One of the world’s oldest living cultures is helping scientists understand galaxies and stars by launching the first of three NASA rockets from the Northern Territory.
The rocket is scheduled to launch from the Arnhem Space Center on the Dhupuma Plateau, near Nhulunbuya, around 10:44 p.m. on Sunday.
It will have an X-ray quantum colorimeter, which will allow scientists at the University of Michigan to accurately measure interstitial X-rays to provide new data on the structure and evolution of space.
About 75 NASA employees are in Arnhem Land at launch, which is the first in Australia in 27 years and the first in history with a commercial spaceport outside the United States.
Yolngu helped build the Arnhem space center on its land, owned by Equatorial Launch Australia.
They are also involved in the upcoming launch, including extracting missile modules when they return to Earth.
Gumatj Corporation Chairman Djawa Yunupingu says the space industry could provide opportunities for the Yolngu people.
“We want our youth to see and take advantage of the jobs and business opportunities that emerge thanks to the growth of the Arnhem Space Center over time,” he said in a statement.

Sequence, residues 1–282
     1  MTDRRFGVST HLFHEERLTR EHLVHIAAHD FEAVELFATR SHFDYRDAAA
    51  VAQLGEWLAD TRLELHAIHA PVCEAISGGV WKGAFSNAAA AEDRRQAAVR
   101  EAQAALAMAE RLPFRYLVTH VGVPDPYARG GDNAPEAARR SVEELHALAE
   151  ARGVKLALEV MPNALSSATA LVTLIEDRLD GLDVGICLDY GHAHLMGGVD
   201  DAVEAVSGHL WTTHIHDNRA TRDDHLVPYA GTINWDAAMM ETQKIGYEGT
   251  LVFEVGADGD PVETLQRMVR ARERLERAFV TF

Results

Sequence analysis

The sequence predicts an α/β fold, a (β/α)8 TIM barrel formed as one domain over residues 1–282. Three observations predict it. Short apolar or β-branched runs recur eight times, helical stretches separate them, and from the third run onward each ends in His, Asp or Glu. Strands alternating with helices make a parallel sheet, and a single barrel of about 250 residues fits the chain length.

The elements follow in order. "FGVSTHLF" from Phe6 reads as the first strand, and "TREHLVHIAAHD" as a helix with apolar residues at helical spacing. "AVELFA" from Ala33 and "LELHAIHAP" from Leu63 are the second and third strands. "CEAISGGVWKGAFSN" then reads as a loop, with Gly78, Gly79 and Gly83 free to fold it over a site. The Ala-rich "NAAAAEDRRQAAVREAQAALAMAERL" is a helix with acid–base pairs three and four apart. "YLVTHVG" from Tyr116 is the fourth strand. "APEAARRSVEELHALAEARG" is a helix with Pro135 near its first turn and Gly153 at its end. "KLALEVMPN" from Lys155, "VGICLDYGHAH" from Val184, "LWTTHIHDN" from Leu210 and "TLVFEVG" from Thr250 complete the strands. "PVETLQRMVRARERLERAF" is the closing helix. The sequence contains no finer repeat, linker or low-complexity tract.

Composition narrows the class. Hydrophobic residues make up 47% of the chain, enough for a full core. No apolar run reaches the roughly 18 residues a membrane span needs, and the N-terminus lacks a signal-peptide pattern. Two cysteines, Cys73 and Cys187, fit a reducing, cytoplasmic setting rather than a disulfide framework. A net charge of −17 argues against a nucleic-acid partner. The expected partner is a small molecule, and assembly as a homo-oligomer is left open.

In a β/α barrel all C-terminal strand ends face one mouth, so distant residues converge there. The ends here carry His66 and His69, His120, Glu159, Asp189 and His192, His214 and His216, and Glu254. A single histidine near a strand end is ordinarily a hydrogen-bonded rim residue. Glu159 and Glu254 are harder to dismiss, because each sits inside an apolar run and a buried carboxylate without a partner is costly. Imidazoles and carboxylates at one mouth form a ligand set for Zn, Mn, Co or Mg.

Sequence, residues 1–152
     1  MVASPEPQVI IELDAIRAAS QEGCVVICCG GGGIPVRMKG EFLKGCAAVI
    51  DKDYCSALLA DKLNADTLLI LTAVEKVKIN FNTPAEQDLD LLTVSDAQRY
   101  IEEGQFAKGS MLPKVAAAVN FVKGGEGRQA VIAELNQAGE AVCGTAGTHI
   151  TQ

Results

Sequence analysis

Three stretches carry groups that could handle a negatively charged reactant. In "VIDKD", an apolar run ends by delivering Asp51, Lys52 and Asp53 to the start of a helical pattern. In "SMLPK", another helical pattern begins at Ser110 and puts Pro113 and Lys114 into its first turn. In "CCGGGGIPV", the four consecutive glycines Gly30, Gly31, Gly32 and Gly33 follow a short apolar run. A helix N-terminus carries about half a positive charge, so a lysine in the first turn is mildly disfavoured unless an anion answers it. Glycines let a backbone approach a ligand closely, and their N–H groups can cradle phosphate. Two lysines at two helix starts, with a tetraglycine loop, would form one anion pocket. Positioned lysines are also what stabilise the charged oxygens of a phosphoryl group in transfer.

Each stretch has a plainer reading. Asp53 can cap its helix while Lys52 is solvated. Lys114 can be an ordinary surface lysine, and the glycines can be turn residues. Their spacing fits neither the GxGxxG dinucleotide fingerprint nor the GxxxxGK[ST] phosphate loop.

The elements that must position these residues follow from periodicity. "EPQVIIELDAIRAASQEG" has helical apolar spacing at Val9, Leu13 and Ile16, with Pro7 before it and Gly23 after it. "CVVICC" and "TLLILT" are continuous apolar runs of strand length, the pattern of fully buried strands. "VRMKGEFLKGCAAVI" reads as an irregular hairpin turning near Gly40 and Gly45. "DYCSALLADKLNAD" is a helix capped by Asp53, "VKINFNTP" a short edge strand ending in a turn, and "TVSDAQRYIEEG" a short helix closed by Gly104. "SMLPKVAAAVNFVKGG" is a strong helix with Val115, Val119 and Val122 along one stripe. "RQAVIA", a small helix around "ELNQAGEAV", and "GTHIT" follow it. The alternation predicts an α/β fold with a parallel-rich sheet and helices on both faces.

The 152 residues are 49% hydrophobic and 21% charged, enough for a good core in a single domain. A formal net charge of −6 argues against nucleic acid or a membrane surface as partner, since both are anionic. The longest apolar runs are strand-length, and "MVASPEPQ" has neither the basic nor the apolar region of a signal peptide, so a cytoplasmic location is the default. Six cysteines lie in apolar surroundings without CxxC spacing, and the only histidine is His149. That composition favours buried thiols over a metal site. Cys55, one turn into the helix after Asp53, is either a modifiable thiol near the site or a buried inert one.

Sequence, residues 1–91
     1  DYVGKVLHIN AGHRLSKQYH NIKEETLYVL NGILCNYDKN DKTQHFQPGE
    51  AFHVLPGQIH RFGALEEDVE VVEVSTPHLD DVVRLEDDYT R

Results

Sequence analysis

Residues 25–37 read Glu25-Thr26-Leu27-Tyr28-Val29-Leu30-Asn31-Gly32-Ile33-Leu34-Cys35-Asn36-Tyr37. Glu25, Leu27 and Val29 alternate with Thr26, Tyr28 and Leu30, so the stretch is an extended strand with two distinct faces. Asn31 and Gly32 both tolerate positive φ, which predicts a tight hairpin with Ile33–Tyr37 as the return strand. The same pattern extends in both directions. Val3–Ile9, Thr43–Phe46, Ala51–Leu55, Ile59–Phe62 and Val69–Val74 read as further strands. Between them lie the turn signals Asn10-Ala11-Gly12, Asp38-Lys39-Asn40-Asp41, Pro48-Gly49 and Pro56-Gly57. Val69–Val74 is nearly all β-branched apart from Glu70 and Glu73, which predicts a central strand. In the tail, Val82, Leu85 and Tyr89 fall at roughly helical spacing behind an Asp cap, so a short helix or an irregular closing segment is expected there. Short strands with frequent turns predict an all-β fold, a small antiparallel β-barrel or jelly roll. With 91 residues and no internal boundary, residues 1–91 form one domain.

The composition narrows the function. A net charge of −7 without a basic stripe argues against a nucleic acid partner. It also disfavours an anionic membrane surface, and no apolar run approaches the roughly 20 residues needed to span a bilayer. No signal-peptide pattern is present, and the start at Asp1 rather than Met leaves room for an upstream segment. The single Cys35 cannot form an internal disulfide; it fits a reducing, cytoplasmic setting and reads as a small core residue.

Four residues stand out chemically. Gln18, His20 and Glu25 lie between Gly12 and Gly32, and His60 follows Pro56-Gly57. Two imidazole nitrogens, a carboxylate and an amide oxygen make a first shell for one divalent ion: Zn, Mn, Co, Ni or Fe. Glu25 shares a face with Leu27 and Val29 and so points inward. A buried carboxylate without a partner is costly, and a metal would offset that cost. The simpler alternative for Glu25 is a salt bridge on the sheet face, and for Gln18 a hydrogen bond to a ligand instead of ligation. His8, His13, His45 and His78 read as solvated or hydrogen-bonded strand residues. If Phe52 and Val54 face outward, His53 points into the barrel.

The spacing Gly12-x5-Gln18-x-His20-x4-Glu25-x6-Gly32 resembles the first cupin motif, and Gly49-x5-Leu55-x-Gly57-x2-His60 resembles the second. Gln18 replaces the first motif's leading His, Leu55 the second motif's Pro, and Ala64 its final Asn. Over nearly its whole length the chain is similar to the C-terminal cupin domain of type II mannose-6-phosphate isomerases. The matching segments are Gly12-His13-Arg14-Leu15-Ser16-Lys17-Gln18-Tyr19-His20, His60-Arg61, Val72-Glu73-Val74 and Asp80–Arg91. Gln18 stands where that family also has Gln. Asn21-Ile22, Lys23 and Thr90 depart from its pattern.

The NSA will launch two more missiles from the ELA complex on July 4 and 12.
They will have a probe to measure ultraviolet light and star structure.
NT Chief Minister Natasha Files says the launch will help attract global space investors to the territory, which will provide jobs.
“The launch of the rocket with Arnhem Land is an incredible milestone for Australia in creating the Northern Territory as a launching pad and an important player in space exploration,” she said in a statement.
“Working with Gumatj people when launching rockets into space combines one of the world’s oldest cultures with some of the most advanced technology.